After I read the email, this was my response:  Huh?

I knew at this time I was in way over my head.

Just like a typical male that won’t stop to ask directions when he’s completely lost, I trudged on hoping to find my answer of what my real credit score is. Next stop MyFico.com.

After going through this process, I have also learned that CreditKarma.com is also another option in retrieving your free credit score.  They pull your credit score from TransUnion.

How To Check Your Credit Scores (Including Your FICO® Scores)

Now that we’ve made all this fuss about FICO® scores, you probably want to know what yours are, right?

Here’s are FICO® Score 8 ranges according to FICO:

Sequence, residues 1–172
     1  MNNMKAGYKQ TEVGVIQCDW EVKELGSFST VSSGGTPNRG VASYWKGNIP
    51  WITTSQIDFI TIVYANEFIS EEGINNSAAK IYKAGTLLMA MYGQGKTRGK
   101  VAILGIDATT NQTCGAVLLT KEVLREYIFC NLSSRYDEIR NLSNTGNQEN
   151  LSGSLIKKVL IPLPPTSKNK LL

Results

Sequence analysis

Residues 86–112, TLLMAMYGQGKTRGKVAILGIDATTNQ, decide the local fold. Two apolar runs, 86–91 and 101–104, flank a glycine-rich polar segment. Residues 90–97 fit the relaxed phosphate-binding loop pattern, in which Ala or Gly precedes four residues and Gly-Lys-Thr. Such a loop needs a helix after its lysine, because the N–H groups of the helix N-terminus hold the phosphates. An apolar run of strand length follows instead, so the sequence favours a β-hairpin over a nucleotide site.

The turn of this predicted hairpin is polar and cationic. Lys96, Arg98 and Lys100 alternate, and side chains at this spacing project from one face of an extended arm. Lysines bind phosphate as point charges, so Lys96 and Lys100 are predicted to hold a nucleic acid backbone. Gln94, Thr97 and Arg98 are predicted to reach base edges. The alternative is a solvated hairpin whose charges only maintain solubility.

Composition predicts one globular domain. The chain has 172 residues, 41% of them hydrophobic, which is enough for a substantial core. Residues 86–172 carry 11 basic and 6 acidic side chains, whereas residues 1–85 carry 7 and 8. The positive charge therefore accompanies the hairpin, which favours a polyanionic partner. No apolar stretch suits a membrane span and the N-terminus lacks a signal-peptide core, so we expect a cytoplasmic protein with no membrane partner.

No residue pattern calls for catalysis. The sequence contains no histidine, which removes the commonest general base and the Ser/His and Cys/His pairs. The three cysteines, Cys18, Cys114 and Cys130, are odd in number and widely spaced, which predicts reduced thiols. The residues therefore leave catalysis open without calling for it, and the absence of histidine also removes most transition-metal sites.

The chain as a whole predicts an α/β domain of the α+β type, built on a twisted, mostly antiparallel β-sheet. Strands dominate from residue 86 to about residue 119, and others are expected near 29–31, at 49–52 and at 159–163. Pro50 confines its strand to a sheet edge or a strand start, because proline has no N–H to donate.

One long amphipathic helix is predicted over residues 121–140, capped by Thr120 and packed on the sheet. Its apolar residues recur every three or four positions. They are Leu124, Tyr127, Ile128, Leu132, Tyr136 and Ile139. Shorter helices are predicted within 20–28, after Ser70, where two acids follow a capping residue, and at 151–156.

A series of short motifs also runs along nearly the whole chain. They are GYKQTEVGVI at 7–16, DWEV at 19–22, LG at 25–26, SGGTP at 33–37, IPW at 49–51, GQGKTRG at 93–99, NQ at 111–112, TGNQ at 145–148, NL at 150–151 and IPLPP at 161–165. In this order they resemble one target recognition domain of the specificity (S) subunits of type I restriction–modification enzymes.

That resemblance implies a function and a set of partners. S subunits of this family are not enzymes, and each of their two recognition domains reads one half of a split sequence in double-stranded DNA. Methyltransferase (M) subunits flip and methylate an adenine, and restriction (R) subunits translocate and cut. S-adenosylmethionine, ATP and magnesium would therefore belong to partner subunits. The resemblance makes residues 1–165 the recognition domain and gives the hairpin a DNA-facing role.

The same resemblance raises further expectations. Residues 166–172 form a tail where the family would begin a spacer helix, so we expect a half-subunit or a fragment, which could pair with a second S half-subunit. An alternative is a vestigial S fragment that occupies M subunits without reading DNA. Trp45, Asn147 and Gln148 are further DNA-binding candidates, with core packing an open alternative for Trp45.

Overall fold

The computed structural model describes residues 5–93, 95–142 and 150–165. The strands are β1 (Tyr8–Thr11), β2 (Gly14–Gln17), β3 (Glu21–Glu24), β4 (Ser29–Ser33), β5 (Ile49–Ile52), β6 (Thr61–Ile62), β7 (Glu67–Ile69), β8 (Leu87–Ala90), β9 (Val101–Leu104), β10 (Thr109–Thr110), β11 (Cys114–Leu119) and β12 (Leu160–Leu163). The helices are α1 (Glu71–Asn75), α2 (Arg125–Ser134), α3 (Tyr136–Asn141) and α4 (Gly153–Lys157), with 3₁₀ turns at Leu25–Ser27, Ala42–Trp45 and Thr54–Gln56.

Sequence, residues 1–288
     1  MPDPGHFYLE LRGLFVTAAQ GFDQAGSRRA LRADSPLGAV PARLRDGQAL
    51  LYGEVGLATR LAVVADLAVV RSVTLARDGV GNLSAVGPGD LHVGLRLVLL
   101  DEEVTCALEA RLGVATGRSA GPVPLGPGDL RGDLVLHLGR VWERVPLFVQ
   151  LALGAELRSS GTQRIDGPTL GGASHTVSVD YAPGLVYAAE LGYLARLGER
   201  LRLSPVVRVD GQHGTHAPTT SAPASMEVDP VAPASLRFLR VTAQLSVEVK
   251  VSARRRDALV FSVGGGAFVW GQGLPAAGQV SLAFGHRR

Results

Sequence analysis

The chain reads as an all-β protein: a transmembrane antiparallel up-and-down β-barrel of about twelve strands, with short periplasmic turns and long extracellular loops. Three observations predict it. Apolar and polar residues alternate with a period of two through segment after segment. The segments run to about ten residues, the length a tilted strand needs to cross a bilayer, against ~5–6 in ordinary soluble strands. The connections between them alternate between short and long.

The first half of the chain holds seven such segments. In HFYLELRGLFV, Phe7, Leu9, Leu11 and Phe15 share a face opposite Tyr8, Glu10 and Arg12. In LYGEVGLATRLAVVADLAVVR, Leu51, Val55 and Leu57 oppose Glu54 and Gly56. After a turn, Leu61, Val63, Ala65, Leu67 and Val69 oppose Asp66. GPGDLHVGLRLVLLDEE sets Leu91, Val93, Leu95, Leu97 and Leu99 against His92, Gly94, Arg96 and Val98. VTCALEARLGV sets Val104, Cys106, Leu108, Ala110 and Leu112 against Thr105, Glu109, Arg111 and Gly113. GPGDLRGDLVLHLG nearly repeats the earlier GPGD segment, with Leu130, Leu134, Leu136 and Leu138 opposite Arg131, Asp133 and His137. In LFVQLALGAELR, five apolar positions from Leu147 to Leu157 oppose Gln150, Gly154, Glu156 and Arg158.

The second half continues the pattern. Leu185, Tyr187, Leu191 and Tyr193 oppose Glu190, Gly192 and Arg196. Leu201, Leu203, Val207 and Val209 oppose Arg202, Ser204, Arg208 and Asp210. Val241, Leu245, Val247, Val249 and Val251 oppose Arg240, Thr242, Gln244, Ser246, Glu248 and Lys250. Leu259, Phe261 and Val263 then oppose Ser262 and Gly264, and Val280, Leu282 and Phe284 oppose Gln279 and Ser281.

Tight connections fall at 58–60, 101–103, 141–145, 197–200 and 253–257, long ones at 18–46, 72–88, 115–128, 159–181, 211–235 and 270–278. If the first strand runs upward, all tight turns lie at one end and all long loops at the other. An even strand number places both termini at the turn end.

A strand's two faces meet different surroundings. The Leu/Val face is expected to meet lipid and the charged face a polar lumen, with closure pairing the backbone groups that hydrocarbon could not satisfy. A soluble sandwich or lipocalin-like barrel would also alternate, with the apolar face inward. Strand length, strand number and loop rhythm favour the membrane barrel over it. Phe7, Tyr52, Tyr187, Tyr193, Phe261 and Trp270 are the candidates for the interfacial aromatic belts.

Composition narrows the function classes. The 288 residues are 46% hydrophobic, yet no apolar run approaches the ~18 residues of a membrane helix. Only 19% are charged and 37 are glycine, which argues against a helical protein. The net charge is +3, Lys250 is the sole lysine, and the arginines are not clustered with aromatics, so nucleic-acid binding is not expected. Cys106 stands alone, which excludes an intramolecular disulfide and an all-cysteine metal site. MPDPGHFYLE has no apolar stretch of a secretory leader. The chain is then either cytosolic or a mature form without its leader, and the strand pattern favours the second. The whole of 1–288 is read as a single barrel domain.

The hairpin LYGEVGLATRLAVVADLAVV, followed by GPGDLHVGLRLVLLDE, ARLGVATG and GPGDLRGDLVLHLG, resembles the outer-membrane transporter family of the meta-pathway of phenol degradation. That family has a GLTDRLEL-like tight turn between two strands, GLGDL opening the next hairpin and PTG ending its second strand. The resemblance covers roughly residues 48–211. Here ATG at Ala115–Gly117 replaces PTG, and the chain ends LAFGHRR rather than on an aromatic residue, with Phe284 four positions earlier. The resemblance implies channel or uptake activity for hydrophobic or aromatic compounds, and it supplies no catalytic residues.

• Excellent: 800 and above
  • Very good: 740-799
  • Good: 670-739
  • Fair: 580-669
  • Poor: 579 and below

These ranges are somewhat subjective since lenders base their decisions on more than just credit scores.

To see where you fall, try the Discover Credit Scorecard, which gives a free FICO® score to anyone who signs up for an account.

Or, for more options, here’s a list of all the places you can get your FICO® scores for free. It also includes websites where you can get other free credit scores, like your VantageScores®.

While you’re at it, you should probably check your credit reports. They’re what your credit scores are based on, so if they’re not correct, your credit scores won’t be either. You can get one free credit report per year, per bureau at AnnualCreditReport.com. You can also use services like Credit Karma to monitor two of your VantageScore® 3.0 credit scores on a regular basis.